The next thing you know it’s two o’clock and you still have nothing to show for all the casts you’ve made. It’s at this point most anglers start to panic and start to visualize coming to the weigh-in with a big fat zero. You start to fish too fast and make bad casts, you get hung up more often and have to go and retrieve your bait in places you can’t get to. So, then you end up breaking off whatever bait you’re throwing, with the internal clock in your head moving faster, as you waste even more time looking for another bait and having to re-rig. It’s during these high-pressure times that you backlash a reel so bad that you have to put it away so that you can cut the backlash out when you get home. Then with only minutes to go, you hook the fish of a lifetime, only to watch it come off and swim away right before you get ready to swing it into the boat. A fitting end to a very frustrating day!

Then it’s time to head for the weigh-in and you hope everyone is gone by the time you get there…but that’s never the case. It’s funny how when you have twenty pounds of fish in the live well, no one ever asks how you did. But when you have zero, it seems everyone in the tournament, including their grandma, wants to know what you’ve got. But oh, the shame and embarrassment of having to say, “Zero!” It just doesn’t get any worse than that! So, it’s at this time you head straight for the boat ramp, load your boat, tuck your tail between your legs, pull your cap down low so maybe no one recognizes you, and head home. If you want to see who did not catch fish that day, watch the parking lot at the ramp and see just how fast an angler can load his boat and get out of there.

Hope you enjoyed hearing about the misery of what an angler goes through on those days when he just doesn’t catch them. But the thing that’s great about the end of a tournament is it means there’s an opportunity for redemption at the next event. Forget it and move on because that tournament is over and there’s nothing you can do to change the outcome of that event. Till next time, good luck, good fishing and don’t forget your sunscreen.

Steve Graf
Hook’N Up & Track’N Down Show &
Tackle Talk Live


Notice of Death – November 24, 2022

NATCHITOCHES:

Melba Jordan Cruse
March 18, 1947 – November 22, 2022
Service: Friday, November 25 at 2 pm at Jennings Chapel CMC near Marthaville
 
Leo “Jim” Llorens
January 29, 1938 – November 19, 2022
Service: Saturday, November 26 at 11 am at St. Augustine Catholic Church in Isle Brevelle

Alexander Ryan Nobles Jr.
July 29, 1949 – October 31, 2022
Service: Wednesday November 30 at 1 pm at Blanchard St. Denis funeral home in Natchitoches

Stephen Lane Stroud
October 26, 1959 – November 2, 2022
Service: Tuesday, November 29 at 10:30 am at Rosemary Beach Town Hall in Panama City Beach, FL

WINN:

Shirley Ann Rivers
June 24, 1946 – November 20, 2022
Service: Saturday, November 26 at 10 am at St. Joseph Catholic Church

Ronald Lee Preston
April 7, 1954 – November 18, 2022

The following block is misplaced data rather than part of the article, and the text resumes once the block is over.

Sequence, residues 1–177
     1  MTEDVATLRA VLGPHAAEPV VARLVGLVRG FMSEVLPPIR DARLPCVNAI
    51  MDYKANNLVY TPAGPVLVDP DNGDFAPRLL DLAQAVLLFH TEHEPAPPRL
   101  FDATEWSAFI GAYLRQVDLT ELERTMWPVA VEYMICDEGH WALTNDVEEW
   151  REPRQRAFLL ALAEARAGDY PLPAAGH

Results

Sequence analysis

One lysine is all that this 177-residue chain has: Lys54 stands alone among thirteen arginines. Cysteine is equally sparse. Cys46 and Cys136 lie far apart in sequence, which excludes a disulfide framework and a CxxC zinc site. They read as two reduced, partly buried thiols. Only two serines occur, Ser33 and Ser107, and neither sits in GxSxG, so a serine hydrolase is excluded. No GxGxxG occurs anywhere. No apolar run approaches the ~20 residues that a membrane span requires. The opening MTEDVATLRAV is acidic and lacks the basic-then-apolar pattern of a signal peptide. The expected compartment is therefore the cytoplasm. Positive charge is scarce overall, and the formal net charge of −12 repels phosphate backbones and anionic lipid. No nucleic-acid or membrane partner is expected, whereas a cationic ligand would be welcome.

Service: Friday, November 25 at 2 pm at Welcome Home Baptist Church

Judy Fay Conerly
February 24, 1945 – November 22, 2022
Service: Friday, November 25 at 2 pm at Warren Meadows Funeral Home Chapel


Over the river and through the ’hood, complaining away we go

With the Pilgrims held up as our example, we learned early to “be grateful.” 

As they dragged us to various in-laws’ in assorted neighborhoods for turkey and pumpkin pie and secondhand smoke, our parents reminded us that at the first Thanksgiving in 1621 (give or take), the settlers of the New World had it much tougher than we do. They had to eat outside. They didn’t have potatoes over here yet. The yeast rolls didn’t rise. William Bradford forgot to pick up a Marie Callender’s Apple Crumb Cobbler at the store, and the cable went out halfway through the Detroit Lions-Chicago Cardinals football game. 

“And they didn’t even complain,” our parents said. 

“Bet they got drunk then,” I said. 

“No, they most certainly did not!” 

The Pilgrims really WERE tough; I would have complained if there’d been no potatoes. Loud and clear. They could have heard me back over in England.  

But to hear our parents testify, no one 40 years ago ever complained about anything, especially on Thanksgiving. When you are spoiled like I am, that is setting the bar sort of high. But hey, I’m old school too and really not much of a complainer – as long as everything goes right. That’s just me. 

This week, complaining is a given. This week is about the pre-Thanksgiving misgivings about “where we’re going for Thanksgiving.” Do you know where you’re going yet? Or what you’re bringing? Or the order in which you’re going to whomever’s house when? Are we all on the same page? 

It can be dicey. 

“Are we going to grandmama’s?” 

“Not this year. But we’re not sure. We might.” 

“When will we know?” 

“I don’t know. Who are you, Dan Rather? We’ll know when we hear from everybody and decide.” 

“It’s Tuesday.” 

“Then good! Since Thanksgiving is on Thursday, as it usually is, that means we don’t have to know yet.” 

“We’re cutting it close.” 

“I’ll show you what cutting it close is, mister!” 

“I was just asking…” 

“Well just quit just asking, mister man. Your grandmother might meet us at Big Aunty’s. We might go there.” 

“Not to Big Aunty’s! Big Aunty can’t cook, momma. Big Aunty won’t have nothing even done until supper. We’ll starve.” 

“She most certainly will have and you most certainly will not starve. I’ll make you a pimento cheese to hold you over. We might just all bring different things.” 

“What do you mean, ‘we all?’ Who all is coming?”